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managed, and whose machinery is in a defective state. Another difficulty in the way of mutual associations is the complex machinery which will be required to cope with all the details connected with the investigation of accidents and the settlement of disputed claims, often requiring exceptional ability and tact. Much will necessarily depend upon the official staff, as to whether there is to be a profit or a loss. Then there is the question of annuities payable for cases of permanent disablement, which will be a serious charge upon the trades affected, and may ultimately devolve upon the stronger firms associated in such a society; and these permanent pensions will no doubt soon tire out the patience of even the most long-suffering business men, who will seek refuge at last in the regular insurance offices. It is a well-known fact that mutual insurance, as applied to fire insurance, has never been a signal success ; and it will probably be found, in any such combination, that the natural result will be that the better employers will speedily retire from the association, and there will remain only those members who have a bad record, antiquated machinery, and loose methods of working. The majority of such attempts will only end in fiasco and disaster to those who join and remain members.

Thirdly, every employer may cover the risk by the method of insurance with the existing insurance offices, of which there are many possessing the necessary wealth and experience, as well as the necessary machinery for settling all claims that may arise under the Act. Since the passing of the Employers' Liability Act of 1880, a new branch of accident insurance has been developed; and during the past seventeen years a vast amount of data has been collected, and practical experience gained, which cannot fail to be of incalculable service to those offices transacting this class of insurance. There are many distinct advantages to be obtained by securing the policy of an established and substantial insurance company in preference to joining any mutual association or federation. (a) The capital and reserves of an established insurance company offer perfect security to the assured in the event of a disaster which would exhaust the funds or levies of most mutual combinations. Take the case of a big colliery explosion, or the collapse of a mill, in either of which cases many workpeople might be killed or maimed for life. (6) Insurance companies secure the services of officials who are trained to the business, and are skilled in the settlement of claims and in the prevention of imposition. (C) Insurance companies experienced in this class of business can better undertake this additional liability upon more favourable terms than mutual combinations guided by inexperienced persons. (d) They also generally select their risks, and consequently charge lower rates than mutual combinations, who have to include careful and careless employers on equal terms. (e) In the event of a dispute between the assured and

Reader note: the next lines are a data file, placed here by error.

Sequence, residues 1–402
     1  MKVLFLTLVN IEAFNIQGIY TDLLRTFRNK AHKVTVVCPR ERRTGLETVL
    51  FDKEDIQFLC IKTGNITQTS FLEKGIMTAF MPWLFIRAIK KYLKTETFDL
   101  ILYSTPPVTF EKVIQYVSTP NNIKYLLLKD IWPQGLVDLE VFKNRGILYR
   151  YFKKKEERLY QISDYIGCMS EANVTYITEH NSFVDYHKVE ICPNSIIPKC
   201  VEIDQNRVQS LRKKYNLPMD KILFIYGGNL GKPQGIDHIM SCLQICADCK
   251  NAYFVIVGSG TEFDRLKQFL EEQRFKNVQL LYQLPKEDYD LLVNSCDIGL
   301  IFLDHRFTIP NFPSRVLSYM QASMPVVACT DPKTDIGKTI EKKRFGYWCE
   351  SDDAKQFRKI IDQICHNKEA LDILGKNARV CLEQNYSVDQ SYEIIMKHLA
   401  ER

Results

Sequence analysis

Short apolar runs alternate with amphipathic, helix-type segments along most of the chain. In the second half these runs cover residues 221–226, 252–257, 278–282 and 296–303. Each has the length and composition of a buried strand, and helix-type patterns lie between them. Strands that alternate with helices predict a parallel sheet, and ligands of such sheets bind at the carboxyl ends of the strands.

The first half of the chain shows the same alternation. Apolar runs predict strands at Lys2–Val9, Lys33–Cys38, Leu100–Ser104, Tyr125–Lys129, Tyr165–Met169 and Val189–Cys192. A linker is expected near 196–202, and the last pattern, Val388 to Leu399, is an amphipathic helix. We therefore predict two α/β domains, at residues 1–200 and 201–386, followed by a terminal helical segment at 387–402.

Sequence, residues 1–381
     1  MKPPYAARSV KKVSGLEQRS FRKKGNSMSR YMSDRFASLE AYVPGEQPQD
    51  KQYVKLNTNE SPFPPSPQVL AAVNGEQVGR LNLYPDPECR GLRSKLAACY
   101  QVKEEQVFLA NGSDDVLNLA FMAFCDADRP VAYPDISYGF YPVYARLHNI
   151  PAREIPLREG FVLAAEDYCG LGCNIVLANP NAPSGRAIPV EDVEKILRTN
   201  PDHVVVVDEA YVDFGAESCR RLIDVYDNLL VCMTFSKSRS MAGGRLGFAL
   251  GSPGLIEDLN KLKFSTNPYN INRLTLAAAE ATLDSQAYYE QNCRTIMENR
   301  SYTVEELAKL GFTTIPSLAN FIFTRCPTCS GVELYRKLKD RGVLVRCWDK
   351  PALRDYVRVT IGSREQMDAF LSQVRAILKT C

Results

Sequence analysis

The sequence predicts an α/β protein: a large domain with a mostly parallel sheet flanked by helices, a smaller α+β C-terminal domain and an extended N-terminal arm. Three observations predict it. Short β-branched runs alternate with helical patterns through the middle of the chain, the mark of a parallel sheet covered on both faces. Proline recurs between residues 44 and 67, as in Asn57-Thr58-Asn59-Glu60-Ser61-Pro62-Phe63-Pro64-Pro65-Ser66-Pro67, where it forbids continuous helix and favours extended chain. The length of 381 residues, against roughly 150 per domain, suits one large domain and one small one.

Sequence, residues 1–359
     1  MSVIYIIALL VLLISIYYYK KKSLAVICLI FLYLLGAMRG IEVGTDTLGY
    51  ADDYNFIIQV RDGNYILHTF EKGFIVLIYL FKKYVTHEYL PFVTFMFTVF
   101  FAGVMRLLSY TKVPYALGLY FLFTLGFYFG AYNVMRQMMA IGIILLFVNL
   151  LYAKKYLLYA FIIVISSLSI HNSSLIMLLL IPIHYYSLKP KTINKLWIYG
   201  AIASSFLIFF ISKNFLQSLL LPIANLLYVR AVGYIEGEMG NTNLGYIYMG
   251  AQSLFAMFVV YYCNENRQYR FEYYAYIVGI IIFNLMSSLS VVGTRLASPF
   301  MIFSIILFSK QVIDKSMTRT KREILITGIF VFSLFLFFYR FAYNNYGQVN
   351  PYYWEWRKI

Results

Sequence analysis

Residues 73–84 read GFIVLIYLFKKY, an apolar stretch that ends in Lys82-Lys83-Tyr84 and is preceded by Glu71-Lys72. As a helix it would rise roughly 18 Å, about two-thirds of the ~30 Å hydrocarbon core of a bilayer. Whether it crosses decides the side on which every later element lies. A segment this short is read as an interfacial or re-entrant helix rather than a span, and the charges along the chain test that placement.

his company the former has a substantial body to proceed against, whereas with a mutual combination there is no one to sue. (f) With an insurance company the premium paid gives security for the whole of the period, whereas mutual societies are liable to extra levies

up to almost any amount. Speaking on the 20th of July, 1897, Lord Salisbury remarked :

To my n ind the great attraction of this Bill is that it will turn out a great machinery for the saving of life. It will throw the necessity upon insurance offices that they shall take the utmost means in their power to see that accidents are avoided. This is really the history of this law of compensation. The law of compensation at the beginning of the century was begun by the juries, and instead of compensation for all the real injuries incurred being given, it was used as a punitive instrument to force these great owners and railway companies to strain their efforts to the utmost in avoiding and preventing accidents, which at one time were so numerous. It has been used successfully as regards the ordinary passenger and the ordinary citizen, but the law of common employment has impaired its efficacy for the working man. We are now, by a wise and general revision of the principle on which the law rests, applying it for the purpose for which it was originally destined, and has been profitably employed, namely, the purpose of forcing all who by the process of industry or the accident of their position have the lives of their fellowmen in their power, to spare neither labour nor ingenuity nor money in making our industries as safe as possible for those by whom they are carried on.

One of the leading trade organs, The British Printer, has boldly shown the absolute necessity for masters providing against loss by adequate insurance, this being the only safeguard of their interests. The editor has no hesitation in advising that, whatever the rates, employers must consider whether it is not worth the cost, to be absolutely safeguarded in the question of damages.

There are in the United Kingdom some thirty or forty companies transacting this kind of business, and their combined capital and reserve funds amount to several millions, thus affording ample security for all possible contingencies. In addition to the regular accident offices there has lately been a tendency on the part of some of the leading life companies to embark in this kind of insurance business, and to utilise their surplus capital by starting a liability department, with all its attendant risks and obligations. How far the existing life policy-holders will like this arrangement remains to be seen. Whilst it is true that under the terms of the Life Assurance Companies' Act no life office can use its life funds for other purposes than the interests of the policy-holders, it is only to be expected that a number of the members will look forward to the new development with some degree of anxiety, and may rightly think that the energy of the officials might be more usefully employed in legitimate life assurance, than in competing in the more speculative region of liability insurance, where a special kind of astuteness, knowledge, and experience is required in the